While you're right that transversus is masculine and transversarium is neuter, the latter is not genitive, but these are actually two different words.
The first can be broken into three parts: trans-, vers-, and -us.
The second, however, into four: trans-, vers-, -ari-, -um.
The first is a pure past participle from transverto ("to turn away"). Here you would expect that the processus itself turns away.
Transversarium though adds the adjectival infix -ari-, which denotes a relationship to the verb transverto. This relationship could take a few forms, but the basic one is that it allows something else to be transversus.
Now, medical terminology is highly idiomatic, and I'm not a surgeon or medical historian, but if this website is accurate and I'm understanding it correctly, I think this bolded part explains the meaning:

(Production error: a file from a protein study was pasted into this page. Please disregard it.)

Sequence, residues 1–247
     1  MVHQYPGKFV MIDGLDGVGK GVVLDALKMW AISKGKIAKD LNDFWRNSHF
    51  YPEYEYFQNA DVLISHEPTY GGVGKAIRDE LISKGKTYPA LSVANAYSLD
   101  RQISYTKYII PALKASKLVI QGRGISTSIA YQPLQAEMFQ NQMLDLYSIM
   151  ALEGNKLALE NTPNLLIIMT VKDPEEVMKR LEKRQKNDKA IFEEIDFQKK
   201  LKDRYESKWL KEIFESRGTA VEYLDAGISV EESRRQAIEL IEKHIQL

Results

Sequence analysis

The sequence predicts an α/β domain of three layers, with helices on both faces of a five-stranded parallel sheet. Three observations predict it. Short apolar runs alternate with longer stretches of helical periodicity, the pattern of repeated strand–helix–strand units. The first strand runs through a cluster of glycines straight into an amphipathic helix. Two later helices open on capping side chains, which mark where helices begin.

The transverse processes are each pierced by the foramen transversarium, which, in the upper six vertebræ, gives passage to the vertebral artery and vein and a plexus of sympathetic nerves.
It thus allows the vertebral artery and vein to "traverse" what I'm assuming are the transverse processes, though again, I am not a doctor, so hopefully someone with more medical knowledge can explain the action in greater detail.
A quick note on endings, the neuter genitive plural of transversarium is actually transversariorum (a mouthful!). transversus and transversarium are both 1-2 adjectives, and therefore follow the same inflection pattern, which you can see here. Note that the second -s- is a part of the stem, not a part of the ending.